California Bill Would Protect Nurses, End Gender Bias in Current State Law
For Immediate Release
February 14, 2011
If nurses get injured on the job, shouldn’t they be eligible for workers compensation? Presumably yes—but not according to the law in California.
Legislation introduced today by Assembly member Nancy Skinner, and sponsored by the California Nurses Association/National Nurses United would be a major step forward in protecting nurses, and keeping experienced nurses at the bedside for patients. It would also redress what nurses say is a gender bias in current state protections.
California is one of many states that have laws that grant some public safety employees “presumptive eligibility” for workers’ compensation, meaning that if the employee sustains certain injuries or becomes infected with certain diseases like TB, or Methicillin-resistant staphylococcus aureus (MRSA), the injury or illness is presumed to be job related and makes him or her automatically eligible for workers’ compensation benefits.
Nurses, however, do not qualify for this presumptive eligibility, even though, by the nature of their work, they suffer some of the highest risks of injury and illness of any profession. One study found that an average nurse lifts 1.8 tons of patient per day.
AB 375 will correct that omission and provide that back or neck injuries, MRSA, and other blood -borne infectious diseases are presumed to be job related if contracted by an RN.
“If you are a police officer or firefighter afflicted by a disease or injury common to that profession, our workers’ compensation laws presume it is job related,” said Skinner.
“This is not the case for nurses. Our system requires nurses and healthcare workers, mostly female -dominated professions, to prove injuries and diseases common to medical settings to be job related. My bill removes this gender bias and creates fairness so nurses have similar workers’ compensation protections as firefighters and police officers.”
“Hospitals are teeming with all kinds of antibiotic resistant bacteria and the chances of being exposed are greater than ever before,” said Kathryn Donahue, a 24-year critical care RN at St. Joseph hospital in Eureka a CNA board member who personally experienced the limitations of the law.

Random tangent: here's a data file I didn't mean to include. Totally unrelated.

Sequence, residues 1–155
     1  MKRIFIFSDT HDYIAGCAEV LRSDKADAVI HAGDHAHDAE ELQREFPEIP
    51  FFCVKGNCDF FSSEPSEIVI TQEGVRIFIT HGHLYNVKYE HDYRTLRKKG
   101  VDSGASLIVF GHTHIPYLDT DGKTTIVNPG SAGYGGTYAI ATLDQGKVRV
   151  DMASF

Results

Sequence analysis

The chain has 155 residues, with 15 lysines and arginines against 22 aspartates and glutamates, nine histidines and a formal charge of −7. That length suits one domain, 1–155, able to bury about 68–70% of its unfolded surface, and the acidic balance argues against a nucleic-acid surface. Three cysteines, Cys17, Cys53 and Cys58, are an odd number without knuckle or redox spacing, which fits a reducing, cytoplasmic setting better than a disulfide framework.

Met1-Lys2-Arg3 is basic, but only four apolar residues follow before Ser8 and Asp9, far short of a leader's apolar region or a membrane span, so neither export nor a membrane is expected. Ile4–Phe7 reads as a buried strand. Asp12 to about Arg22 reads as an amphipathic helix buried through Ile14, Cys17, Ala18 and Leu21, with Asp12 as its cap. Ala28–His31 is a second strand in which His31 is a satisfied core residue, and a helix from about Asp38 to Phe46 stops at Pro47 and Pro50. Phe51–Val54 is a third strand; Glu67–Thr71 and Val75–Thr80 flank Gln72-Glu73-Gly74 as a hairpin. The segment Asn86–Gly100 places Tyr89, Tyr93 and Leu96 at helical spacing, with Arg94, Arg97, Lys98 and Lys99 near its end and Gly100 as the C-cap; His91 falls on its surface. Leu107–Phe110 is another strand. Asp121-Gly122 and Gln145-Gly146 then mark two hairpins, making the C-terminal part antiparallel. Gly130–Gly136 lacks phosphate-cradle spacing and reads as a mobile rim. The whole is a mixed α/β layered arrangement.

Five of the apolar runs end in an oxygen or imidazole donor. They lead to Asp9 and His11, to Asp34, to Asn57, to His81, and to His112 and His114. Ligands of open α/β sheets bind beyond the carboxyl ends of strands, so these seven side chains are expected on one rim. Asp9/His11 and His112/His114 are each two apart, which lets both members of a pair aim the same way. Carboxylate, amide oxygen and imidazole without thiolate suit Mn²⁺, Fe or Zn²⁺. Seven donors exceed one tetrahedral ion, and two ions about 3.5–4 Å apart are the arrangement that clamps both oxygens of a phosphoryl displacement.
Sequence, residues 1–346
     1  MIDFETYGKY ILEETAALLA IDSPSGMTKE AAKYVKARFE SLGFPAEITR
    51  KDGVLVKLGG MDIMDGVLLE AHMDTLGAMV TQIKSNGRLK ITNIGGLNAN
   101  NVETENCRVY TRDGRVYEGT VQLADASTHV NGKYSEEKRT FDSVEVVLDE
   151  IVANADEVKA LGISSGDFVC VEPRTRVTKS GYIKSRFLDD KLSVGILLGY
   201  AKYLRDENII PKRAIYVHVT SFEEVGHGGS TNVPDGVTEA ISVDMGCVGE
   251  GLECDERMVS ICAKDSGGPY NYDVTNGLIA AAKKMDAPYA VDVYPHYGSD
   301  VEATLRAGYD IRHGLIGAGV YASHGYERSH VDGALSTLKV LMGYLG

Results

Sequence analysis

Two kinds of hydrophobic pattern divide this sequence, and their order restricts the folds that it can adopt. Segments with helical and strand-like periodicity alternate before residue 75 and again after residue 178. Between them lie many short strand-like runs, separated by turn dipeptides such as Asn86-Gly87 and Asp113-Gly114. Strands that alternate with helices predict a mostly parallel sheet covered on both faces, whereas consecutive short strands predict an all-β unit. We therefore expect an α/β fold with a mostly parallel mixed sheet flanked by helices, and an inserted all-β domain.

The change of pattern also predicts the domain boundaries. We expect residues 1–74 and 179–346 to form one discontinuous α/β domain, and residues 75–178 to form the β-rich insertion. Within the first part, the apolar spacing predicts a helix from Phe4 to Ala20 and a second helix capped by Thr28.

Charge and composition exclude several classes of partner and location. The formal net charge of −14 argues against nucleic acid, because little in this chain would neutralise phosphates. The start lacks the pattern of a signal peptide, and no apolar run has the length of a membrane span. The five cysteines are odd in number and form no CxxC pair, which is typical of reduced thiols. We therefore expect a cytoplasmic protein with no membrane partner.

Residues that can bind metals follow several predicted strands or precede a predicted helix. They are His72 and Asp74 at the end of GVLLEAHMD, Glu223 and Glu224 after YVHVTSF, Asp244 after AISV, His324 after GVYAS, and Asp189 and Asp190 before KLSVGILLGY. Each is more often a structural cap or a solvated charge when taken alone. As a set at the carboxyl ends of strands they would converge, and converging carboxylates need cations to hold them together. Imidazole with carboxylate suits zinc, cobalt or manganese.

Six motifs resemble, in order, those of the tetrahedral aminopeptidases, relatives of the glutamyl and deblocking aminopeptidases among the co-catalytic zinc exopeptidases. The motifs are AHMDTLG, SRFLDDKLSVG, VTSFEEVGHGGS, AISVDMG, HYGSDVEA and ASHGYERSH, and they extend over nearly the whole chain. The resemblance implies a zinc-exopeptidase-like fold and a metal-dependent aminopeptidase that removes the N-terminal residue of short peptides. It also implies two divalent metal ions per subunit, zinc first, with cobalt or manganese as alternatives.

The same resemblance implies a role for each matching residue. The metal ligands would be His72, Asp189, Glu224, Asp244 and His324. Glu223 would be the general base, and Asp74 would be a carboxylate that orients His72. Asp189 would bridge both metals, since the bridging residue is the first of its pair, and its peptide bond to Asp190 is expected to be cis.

“My finger started to swell while I was at work. The next day it had turned black and was extremely painful. I was diagnosed with MRSA and was put on a double dose of antibiotics,” Donahue notes. “The hospital denied my claim that it was a work-related injury. Without presumptive eligibility, you are left with little recourse when your employer refuses to take responsibility for your injury or illness.”
The idea behind presumptive eligibility is that certain diseases and injuries are intuitively job related. For example, lung disease is generally considered an occupational disease for firefighters. Presumptive eligibility laws vary among states, and while they primarily apply to public safety employees, they do apply to other types of professions, such as coal miners for respiratory disease and lifeguards for skin cancer.
CNA has sponsored presumptive eligibility legislation in the past two legislative sessions also introduced by Assemblymember Skinner. The bill is sparked by an alarming rise in workplace injuries for RNs who all too often then must endure long battles to assure access to workers' compensation.
"By the nature of their work, which involves ill patients, contagious diseases, and medical equipment, RNs are in constant danger of being exposed to a variety of illnesses, and becoming injured by lifting and moving patients or by the use of heavy medical equipment," said CNA Legislative Director Bonnie Castillo, RN.
According to 2007 Bureau of Labor Statistics figures, healthcare workers lead the nation in the highest musculoskeletal (MSD) injury rates, and nursing ranks third in the number of work days missed due to illness and injury. Blood-borne diseases such as hepatitis and MRSA are constant work-related hazards for hospital employees, as well as patients.
MRSA is one of the most virulent types of antibiotic-resistant staph infections. Although infection control measures help to stop the spread of MRSA and other blood-borne diseases, they do not eliminate the job-related threat of contracting MRSA or other blood-borne diseases.